(NaturalNews) Promising new research has demonstrated once again that the ingredient curcumin, which is the principal curcuminoid of the widely used Indian spice turmeric, a member of the ginger family, is a major cancer fighter, this time proving effective against esophageal cancer.
According to researchers at the University of Kansas' Cancer Center and Medical Center, study results indicate that "curcumin inhibits the growth of esophageal cancer cell lines," though how it works "is not well understood."
The results of the study are especially noteworthy given that esophageal cancer is the eighth most common type of cancer in the world and the sixth most lethal.
This 'novel' cancer treatment works wonders
In the U.S. alone, between four and 10 persons for every 100,000 die from esophageal cancer every year. The disease mostly strikes men over the age of 50, according to published statistics.
In 2011, the American Cancer Society estimated that 16,980 Americans (13,450 men and 3,530 women) were diagnosed with the disease. The organization also estimated that a majority of those diagnosed with esophageal cancer - about eight in 10 - would die.
"Esophageal adenocarcinoma, the major form of esophageal cancer in the U.S., is the most rapidly rising cancer in the western world," said a summary of the study's results. "It is generally diagnosed at a late stage and has a poor prognosis, with a five-year survival of less than 10 percent."
"Although the current treatment includes chemotherapy, radiation therapy, and, if possible, esophagogastric resection, many patients with esophageal adenocarcinoma experience progression of disease despite such treatment, suggesting that such tumors are resistant to standard therapy," the summary said.
Enter curcumin therapy. Other "novel" forms of treatment and therapy have not proven as effective, say researchers, especially in patients who have advanced cancer.
"The magnitude of this problem mandates the need for novel therapeutic agents, specifically the use of agents for chemoprevention. This is most attractive for esophageal adenocarcinoma since a pre-malignant condition, Barrett's esophagus, is a well-recognized lesion," says the summary.
In short, a common form of cancer that is resistant to current standard treatments is being bested by treatment with an age-old spice.
"Curcumin seems to have multiple molecular targets and its enhanced potency in cancer in various cancer cell lines and xenograft tumors renders it a strong candidate for therapeutic applications for esophageal cancer as well as other cancers and inflammatory disease states," said the study.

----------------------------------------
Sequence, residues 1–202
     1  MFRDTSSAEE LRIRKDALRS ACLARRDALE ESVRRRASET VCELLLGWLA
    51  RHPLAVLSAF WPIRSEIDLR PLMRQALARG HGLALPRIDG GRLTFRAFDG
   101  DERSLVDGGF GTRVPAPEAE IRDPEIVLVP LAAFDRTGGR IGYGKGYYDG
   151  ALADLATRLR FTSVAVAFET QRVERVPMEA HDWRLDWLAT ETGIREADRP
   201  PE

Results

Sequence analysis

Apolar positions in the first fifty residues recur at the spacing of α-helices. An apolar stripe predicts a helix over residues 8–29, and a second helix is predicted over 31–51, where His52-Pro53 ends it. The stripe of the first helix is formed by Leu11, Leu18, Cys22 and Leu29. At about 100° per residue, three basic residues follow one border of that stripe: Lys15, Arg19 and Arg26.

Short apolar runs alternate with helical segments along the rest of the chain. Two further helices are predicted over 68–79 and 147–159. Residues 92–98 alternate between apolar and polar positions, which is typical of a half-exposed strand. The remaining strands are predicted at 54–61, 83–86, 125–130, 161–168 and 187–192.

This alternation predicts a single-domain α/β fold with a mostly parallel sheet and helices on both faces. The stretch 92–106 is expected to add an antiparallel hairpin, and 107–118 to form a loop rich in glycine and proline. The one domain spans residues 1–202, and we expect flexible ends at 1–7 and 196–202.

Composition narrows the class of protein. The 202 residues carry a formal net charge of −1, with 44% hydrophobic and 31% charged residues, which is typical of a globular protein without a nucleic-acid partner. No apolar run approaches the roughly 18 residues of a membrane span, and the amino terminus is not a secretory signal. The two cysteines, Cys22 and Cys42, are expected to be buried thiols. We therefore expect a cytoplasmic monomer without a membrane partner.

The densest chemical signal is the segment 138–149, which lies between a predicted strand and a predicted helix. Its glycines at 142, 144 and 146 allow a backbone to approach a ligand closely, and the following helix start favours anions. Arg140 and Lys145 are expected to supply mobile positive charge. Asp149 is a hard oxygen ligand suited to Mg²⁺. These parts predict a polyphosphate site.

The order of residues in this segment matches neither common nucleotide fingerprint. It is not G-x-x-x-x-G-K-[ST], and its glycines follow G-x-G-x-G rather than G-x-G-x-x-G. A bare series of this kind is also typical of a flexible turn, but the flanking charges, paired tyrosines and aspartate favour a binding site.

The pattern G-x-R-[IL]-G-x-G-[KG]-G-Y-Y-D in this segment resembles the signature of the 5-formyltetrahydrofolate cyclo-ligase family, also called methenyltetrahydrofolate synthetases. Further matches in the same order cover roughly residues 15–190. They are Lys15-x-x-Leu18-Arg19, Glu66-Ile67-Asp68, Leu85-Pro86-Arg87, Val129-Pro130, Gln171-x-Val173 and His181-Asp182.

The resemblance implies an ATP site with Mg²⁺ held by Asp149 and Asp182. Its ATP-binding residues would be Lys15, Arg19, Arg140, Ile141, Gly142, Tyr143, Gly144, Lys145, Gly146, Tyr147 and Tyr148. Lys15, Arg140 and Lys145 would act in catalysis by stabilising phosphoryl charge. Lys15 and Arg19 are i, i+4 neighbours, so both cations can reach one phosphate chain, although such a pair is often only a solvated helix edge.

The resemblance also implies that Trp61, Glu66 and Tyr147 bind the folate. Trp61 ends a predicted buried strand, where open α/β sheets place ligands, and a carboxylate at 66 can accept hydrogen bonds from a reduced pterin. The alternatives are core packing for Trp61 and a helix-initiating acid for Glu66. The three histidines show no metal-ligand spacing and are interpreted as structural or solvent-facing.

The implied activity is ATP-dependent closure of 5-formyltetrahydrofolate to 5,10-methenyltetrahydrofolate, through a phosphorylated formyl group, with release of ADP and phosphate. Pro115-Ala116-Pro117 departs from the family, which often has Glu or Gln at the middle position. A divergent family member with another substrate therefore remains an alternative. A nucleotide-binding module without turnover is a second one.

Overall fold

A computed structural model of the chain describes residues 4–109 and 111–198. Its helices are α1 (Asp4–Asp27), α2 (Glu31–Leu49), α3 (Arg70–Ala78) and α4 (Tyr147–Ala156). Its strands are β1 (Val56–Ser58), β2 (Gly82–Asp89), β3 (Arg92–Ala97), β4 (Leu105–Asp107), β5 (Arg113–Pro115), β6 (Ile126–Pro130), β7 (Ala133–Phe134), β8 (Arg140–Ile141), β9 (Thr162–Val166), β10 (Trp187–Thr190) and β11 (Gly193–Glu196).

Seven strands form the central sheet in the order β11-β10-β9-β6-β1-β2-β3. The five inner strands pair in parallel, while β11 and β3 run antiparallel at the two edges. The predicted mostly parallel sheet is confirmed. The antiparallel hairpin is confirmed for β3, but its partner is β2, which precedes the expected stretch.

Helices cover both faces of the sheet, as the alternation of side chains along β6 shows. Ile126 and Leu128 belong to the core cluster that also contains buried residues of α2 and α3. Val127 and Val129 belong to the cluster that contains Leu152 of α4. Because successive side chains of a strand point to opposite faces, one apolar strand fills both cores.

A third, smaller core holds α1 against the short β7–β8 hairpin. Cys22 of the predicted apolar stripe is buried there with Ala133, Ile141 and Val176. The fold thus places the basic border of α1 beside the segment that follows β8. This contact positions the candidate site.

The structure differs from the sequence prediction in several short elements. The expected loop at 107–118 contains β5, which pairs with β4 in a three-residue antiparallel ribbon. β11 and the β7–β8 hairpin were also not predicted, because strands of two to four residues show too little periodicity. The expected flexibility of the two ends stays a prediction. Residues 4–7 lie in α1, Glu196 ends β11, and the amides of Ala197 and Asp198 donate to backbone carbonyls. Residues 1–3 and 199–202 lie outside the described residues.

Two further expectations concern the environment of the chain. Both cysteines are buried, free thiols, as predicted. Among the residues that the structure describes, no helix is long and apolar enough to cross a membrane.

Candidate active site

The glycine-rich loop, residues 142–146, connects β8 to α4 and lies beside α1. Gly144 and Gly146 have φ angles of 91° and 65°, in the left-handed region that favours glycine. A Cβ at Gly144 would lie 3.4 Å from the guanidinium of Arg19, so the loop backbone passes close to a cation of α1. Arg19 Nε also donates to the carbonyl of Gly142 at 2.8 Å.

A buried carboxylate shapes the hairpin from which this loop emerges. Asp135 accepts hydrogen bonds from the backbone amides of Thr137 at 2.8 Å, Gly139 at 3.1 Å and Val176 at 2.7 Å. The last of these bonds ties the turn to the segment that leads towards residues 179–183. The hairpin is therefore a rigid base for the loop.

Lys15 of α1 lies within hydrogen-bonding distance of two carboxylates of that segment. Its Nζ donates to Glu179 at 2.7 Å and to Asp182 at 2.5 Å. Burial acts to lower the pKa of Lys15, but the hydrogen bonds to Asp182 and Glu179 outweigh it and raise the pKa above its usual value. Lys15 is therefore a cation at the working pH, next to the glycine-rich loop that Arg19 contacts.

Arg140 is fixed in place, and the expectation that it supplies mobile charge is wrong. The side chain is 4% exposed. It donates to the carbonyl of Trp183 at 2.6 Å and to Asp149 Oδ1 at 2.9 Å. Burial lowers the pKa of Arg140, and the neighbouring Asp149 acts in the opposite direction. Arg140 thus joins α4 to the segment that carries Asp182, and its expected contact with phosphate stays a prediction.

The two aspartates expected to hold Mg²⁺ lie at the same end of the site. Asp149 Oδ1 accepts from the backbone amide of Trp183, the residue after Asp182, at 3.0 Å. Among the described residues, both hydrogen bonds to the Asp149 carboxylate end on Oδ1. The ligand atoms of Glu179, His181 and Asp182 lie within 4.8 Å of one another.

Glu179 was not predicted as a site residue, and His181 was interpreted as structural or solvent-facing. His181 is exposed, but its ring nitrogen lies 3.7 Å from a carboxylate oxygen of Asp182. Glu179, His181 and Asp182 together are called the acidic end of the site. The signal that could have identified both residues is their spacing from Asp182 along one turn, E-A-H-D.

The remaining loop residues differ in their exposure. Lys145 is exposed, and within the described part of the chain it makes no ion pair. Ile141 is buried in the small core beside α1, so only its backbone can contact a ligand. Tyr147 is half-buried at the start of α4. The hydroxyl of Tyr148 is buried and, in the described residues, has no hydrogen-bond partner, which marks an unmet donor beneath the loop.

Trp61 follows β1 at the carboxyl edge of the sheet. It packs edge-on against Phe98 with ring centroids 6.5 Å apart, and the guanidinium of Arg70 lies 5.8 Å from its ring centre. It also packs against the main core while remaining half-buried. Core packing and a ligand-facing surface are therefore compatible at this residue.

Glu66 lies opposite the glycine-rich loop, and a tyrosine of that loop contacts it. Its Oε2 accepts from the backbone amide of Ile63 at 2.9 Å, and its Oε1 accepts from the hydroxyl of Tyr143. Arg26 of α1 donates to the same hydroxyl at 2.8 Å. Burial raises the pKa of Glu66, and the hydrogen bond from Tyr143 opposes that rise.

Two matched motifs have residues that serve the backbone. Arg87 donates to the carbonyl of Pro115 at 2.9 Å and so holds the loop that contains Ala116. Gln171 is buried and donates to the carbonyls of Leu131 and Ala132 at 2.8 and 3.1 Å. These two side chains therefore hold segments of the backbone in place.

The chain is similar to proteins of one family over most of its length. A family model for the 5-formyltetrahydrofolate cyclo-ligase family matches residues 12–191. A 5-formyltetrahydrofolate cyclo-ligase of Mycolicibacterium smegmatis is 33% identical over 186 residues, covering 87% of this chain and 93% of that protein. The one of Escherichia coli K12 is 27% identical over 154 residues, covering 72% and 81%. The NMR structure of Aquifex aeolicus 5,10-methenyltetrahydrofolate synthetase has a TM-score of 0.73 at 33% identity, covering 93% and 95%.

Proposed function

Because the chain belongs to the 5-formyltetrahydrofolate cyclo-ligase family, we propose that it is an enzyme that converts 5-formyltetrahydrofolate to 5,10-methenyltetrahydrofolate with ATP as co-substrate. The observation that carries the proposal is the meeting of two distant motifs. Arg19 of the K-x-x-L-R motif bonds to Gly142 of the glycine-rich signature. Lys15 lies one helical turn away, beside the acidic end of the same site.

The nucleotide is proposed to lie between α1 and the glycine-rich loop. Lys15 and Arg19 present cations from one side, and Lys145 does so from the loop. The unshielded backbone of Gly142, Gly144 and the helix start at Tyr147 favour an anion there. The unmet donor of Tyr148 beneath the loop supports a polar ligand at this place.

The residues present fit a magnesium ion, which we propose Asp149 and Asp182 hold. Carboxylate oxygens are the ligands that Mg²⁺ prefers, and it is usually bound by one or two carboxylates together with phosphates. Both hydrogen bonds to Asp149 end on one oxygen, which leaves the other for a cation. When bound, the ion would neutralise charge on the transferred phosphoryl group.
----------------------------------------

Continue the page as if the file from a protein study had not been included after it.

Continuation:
Dramatic reductions in the spread of cancer
Previous research has also found that curcumin - and its primary element, turmeric - have been found to reduce cancer growth and brain tumors as much as 81 percent.
"Used by ancient Chinese and Indian systems of medicine, curcumin has been shown to reduce brain tumor size by 81 percent in 9 out of 11 studies," say researchers from the University of California-Los Angeles.
"Turmeric and curcumin are both extremely cheap methods of boosting your health, and are readily available almost worldwide," said Mike Barrett, co-founder of alternative health organization, Natural Society. "The ubiquitous nature of turmeric both in the form of supplementation and spice sets up turmeric to be the next vitamin D over the next few years. As more medical professionals begin to recognize the benefits of turmeric and curcumin, a major media blitz will follow as it did regarding the multiple known effects of vitamin D."
In the UCLA study, 21 participants who had contracted head and neck cancer saw the spread of their disease halted after being given chewable supplements containing 1,000 mg of curcumin each.
"Curcumin, the main component in the spice turmeric, suppresses a cell signaling pathway that drives the growth of head and neck cancer, according to a pilot study using human saliva by researchers at UCLA's Jonsson Comprehensive Cancer Center," the National Cancer Institute, part of the National Institutes of Health, said, confirming the university's results.